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Check It Out

Courier Article by DeeDee Shoemaker
Sunday, May 2, 2008

It's no mystery why these books have appeal.

Dig out your notebook and dust off your magnifying glass; everyone's a detective, thanks to the Evansville Vanderburgh Public Library Summer Reading Program Get a Clue. Report next Sunday for your case assignment, and pit your wits against those of the clever and entertaining mystery writers from our collections.

Author Kit Ehrman joined the horse industry after falling in love with the mystery novels of retired jockey Dick Francis. Triple Cross is the most recent book in her own suspense series about the adventures of Steve Kline, a young barn manager turned amateur private investigator. Steve has just arrived in Louisville to assist his horse-trainer father when trouble arises, sending him on a frantic race between the backside of Churchill Downs and the lavish celebrations of Kentucky Derby Week in an effort to head off catastrophe. On the heels of this year's Derby, Ms. Ehrmann will visit Central Library to share the story behind this winner of the Indiana State Library 2007 Best Book of Fiction Award.

Genetic engineering takes a whimsical turn in The Eyre Affair, a novel by Jasper Fforde. Heretofore extinct dodos are the pets of choice in this imagined version of late 20th century England, and literature munching bookworms are the power source for the Prose Portal, a highly sought-after invention that allows travel between fiction and reality. When a character from Charles Dickens' Martin Chuzzlewit is murdered, followed by the kidnapping of the much-loved heroine of Jane Eyre, Special Operative Thursday Next is put on the case, kicking off her career as a literary crime solver. Mystery, fantasy, romance, and comedy are all offered up in this imaginative tale.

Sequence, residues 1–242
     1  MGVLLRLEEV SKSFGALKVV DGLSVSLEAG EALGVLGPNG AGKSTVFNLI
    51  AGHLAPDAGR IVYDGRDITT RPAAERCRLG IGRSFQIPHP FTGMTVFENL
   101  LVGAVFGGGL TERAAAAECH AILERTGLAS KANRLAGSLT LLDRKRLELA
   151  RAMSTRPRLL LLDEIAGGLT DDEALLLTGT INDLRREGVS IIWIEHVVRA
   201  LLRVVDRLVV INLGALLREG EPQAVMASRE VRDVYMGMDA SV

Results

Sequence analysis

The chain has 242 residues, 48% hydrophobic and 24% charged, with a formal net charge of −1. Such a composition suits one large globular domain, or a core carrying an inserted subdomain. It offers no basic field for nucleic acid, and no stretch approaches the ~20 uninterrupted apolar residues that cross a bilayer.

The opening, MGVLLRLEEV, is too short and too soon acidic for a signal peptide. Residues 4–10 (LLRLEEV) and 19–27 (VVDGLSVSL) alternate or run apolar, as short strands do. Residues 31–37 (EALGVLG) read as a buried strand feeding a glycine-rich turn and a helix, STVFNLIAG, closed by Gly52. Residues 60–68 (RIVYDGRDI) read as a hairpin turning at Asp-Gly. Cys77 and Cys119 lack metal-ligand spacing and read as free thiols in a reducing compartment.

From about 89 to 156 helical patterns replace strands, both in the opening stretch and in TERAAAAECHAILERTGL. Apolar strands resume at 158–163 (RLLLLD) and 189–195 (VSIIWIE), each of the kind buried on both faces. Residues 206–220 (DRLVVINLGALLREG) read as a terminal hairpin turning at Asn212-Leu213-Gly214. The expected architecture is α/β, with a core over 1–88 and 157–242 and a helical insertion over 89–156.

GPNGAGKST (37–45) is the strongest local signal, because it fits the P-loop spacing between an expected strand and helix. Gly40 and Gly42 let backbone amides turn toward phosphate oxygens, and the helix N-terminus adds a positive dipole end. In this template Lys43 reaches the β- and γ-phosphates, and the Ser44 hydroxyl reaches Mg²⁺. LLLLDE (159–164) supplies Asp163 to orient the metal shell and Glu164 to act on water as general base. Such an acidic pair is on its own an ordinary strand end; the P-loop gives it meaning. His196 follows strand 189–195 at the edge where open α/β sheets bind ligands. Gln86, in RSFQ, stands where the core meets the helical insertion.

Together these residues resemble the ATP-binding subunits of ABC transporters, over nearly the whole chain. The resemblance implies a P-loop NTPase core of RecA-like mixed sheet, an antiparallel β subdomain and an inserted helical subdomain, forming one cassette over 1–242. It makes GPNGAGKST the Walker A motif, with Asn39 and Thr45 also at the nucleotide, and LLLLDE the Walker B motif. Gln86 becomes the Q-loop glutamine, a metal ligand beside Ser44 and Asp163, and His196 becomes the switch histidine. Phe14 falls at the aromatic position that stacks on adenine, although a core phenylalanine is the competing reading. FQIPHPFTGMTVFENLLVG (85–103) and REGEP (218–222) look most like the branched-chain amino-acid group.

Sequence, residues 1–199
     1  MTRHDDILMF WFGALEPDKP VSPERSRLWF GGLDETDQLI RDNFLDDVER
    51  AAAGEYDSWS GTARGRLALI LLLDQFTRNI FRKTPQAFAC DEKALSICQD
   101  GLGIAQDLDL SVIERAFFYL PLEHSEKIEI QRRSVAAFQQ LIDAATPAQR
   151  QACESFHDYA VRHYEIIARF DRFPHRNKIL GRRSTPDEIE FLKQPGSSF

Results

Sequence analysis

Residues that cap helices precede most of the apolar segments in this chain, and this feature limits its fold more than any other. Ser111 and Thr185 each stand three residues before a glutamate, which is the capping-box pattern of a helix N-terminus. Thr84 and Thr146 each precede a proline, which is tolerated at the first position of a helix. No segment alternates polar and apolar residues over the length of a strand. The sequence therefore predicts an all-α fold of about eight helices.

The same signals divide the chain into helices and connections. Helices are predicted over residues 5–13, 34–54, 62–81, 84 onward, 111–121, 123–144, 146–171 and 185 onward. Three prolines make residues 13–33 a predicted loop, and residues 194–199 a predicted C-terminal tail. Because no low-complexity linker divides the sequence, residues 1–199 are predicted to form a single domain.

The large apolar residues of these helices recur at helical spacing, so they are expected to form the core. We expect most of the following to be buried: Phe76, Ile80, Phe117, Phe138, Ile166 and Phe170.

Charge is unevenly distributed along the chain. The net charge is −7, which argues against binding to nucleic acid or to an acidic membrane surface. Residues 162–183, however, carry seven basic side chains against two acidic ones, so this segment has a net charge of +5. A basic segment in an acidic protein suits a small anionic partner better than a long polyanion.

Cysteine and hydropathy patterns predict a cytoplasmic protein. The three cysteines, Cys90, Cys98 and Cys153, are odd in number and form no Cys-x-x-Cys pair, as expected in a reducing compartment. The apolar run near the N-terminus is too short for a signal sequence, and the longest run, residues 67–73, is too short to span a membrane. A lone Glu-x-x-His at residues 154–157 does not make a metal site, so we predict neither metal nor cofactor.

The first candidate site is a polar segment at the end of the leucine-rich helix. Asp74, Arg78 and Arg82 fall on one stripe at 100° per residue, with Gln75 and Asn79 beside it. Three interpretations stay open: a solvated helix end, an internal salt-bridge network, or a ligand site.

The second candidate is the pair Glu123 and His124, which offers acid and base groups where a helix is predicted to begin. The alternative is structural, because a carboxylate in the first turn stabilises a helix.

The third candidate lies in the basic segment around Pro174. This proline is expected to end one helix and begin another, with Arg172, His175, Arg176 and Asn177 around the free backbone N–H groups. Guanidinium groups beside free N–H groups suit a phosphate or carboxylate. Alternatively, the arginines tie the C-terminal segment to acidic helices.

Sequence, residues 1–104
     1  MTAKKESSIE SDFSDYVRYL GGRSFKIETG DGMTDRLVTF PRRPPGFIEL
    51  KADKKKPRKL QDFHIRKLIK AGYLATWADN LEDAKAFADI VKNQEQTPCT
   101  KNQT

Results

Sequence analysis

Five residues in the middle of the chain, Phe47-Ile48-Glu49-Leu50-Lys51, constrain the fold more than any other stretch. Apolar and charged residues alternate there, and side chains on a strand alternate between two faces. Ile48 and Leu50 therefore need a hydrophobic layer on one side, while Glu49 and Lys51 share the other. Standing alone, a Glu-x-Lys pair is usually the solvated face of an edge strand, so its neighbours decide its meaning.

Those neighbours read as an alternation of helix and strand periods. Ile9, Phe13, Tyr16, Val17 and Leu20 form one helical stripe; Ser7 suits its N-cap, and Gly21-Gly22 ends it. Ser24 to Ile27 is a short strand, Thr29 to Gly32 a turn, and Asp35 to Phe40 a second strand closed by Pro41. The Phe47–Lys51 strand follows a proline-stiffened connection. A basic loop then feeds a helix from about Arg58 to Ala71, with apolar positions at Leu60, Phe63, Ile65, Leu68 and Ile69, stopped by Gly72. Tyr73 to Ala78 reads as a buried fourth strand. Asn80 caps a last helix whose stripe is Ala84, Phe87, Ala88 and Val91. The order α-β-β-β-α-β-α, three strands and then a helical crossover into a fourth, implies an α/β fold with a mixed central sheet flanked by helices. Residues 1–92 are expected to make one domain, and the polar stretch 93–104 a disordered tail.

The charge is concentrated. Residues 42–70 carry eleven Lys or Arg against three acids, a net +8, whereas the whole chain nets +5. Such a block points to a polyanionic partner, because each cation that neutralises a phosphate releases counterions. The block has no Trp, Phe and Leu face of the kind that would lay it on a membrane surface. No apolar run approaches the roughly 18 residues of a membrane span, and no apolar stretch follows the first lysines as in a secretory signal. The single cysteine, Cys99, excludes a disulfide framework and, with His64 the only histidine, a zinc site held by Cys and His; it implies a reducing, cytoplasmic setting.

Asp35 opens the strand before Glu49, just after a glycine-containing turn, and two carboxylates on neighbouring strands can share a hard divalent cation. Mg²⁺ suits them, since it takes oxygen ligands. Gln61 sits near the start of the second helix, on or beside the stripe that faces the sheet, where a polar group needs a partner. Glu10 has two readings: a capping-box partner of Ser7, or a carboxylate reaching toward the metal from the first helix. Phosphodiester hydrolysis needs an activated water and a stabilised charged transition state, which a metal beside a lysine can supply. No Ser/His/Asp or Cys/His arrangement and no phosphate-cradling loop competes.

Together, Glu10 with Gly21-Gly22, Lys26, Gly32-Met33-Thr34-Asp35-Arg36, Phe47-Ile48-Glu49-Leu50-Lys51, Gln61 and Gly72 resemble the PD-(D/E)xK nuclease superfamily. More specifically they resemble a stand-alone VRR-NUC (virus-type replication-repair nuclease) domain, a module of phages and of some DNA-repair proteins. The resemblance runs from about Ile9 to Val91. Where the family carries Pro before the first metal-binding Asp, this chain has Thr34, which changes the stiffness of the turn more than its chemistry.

Writers themselves can be as elusive as the shadiest of suspects. Harper Lee, the 1961 Pulitzer Prize winning author of To Kill a Mockingbird, has published only one novel in her lifetime, and it is arguably the most popular book in American history. Admirers of her work will enjoy Charles Shields' highly readable, unauthorized biography Mockingbird: a Portrait of Harper Lee. Shields scrupulously pieces together the life of a sensitive, unconventional, strong-willed individual whose childhood friendship with Truman Capote in small-town Monroeville, Alabama matured into eminent writing careers for both.

Agatha Christie also kept her personal life as private as was possible for the world's most popular mystery writer. While traveling in Syria, journalist Andrew Eames was astonished to discover that Christie had been a frequent visitor to the ancient city of Aleppo. He consequently set out on a sleuthing adventure of his own, following her often traveled route to the Middle East on the Orient Express, the luxury train that her writings helped make famous. The resulting award-winning travelogue, The 8:55 to Baghdad: from London to Iraq on the Trail of Agatha Christie, reveals the life and travels of an author, adventurer, archaeologist, and photographer. The apocryphal events Eames witnessed on the eve of the Iraq War, however, ultimately overshadow his original story, and his juxtaposition of the early 20th century with ancient history and current events makes fascinating reading.

DeeDee Shoemaker is a Readers' Advisor at Central Library. The opinions expressed in this column are personal and do not reflect policies or official recommendations of the library.